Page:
meridian yeast extract on orange background

Meridian, gluten-free alternative

Meridian, a brand fighting palm oil, offers its own Yeast extract. It is a healthy option that is vegan and gluten-free. Meridian’s yeast can be enjoyed on toast just like Marmite, or used as a stock for cooking (speaking about cooking, have a look at our guide of vegan Christmas cooking books) (speaking about cooking, have a look at our guide of vegan Christmas cooking books). (Pssst, their Instagram is a delight!)

Most Frequently Asked Questions About Marmite

How Do I Find Marmites Vegan Product Information?

The ingredients in Marmite are listed on the packaging. To learn more about the brand’s vegan products you can simply visit the Marmite Uk Website and scroll to the bottom of the page and select the FAQ tab to find additional information to frequently asked questions.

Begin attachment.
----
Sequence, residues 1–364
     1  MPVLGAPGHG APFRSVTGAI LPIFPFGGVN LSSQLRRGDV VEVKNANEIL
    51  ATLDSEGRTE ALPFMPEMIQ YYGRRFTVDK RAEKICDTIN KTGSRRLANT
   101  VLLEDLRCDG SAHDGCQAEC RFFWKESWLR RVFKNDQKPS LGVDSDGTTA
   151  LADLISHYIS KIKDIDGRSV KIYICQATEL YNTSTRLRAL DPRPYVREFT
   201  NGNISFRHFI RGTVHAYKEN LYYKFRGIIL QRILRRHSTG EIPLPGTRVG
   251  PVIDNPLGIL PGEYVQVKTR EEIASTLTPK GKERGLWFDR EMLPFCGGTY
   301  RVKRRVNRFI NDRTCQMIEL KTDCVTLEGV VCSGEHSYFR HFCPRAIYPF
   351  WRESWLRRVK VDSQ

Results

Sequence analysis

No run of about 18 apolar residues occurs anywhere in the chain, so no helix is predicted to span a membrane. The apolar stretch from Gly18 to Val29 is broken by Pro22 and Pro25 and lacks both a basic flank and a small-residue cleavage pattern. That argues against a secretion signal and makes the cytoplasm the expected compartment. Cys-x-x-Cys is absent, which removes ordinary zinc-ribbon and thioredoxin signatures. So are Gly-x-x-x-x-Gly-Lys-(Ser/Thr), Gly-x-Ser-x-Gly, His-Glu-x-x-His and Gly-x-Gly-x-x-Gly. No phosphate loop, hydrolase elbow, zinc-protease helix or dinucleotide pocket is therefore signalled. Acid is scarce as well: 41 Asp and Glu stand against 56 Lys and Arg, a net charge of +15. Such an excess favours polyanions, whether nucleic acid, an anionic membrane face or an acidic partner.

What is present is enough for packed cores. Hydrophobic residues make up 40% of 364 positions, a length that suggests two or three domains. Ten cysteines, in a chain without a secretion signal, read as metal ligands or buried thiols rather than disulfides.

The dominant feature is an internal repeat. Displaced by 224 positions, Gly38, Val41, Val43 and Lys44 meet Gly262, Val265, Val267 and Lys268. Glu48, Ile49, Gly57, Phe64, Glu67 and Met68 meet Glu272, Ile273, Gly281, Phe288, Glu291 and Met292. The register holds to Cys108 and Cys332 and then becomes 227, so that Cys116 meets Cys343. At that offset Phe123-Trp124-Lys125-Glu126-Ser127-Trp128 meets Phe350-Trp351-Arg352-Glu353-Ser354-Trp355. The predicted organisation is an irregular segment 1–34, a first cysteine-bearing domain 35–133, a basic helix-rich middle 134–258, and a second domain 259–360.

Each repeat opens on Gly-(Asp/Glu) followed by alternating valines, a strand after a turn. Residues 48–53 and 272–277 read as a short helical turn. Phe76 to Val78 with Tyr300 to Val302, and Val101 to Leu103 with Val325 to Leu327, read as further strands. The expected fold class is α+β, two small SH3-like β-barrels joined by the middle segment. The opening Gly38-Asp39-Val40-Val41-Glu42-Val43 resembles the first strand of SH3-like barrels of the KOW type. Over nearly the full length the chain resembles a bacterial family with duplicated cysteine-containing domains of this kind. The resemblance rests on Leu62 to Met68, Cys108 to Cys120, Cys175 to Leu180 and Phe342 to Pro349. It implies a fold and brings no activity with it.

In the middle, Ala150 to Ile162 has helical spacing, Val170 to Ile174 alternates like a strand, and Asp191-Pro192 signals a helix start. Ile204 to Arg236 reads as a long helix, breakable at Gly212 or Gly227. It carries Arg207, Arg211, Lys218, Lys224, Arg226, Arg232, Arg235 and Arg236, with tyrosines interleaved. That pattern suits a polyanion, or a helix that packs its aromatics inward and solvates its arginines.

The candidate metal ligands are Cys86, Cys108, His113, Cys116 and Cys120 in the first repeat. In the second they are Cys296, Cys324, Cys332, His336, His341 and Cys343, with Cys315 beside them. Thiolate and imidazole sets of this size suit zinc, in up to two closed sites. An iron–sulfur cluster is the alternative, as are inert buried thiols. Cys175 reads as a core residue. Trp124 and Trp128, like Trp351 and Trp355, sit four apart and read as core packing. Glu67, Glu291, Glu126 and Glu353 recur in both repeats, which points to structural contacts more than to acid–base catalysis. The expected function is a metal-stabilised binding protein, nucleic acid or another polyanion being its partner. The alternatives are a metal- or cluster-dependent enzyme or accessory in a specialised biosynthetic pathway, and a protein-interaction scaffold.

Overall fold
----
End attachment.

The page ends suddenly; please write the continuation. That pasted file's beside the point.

Is Marmite Halal? 

Yes, the entire range is certified halal by the Halal Food Authority.

Is Marmite Vegetarian or Vegan?

The entire range is certified vegan by the European Vegetarian Union (EVU) except the Marmite Original 70g jar which is vegetarian, not vegan. Marmite is in the process of certifying the 70g jar as a vegan product with the EVU at the time of writing. 

Is Marmite Gluten-Free?

No. Marmite can not be certified gluten-free because it contains ingredients such as barley, wheat, rye, and oats from the brewer’s yeast process.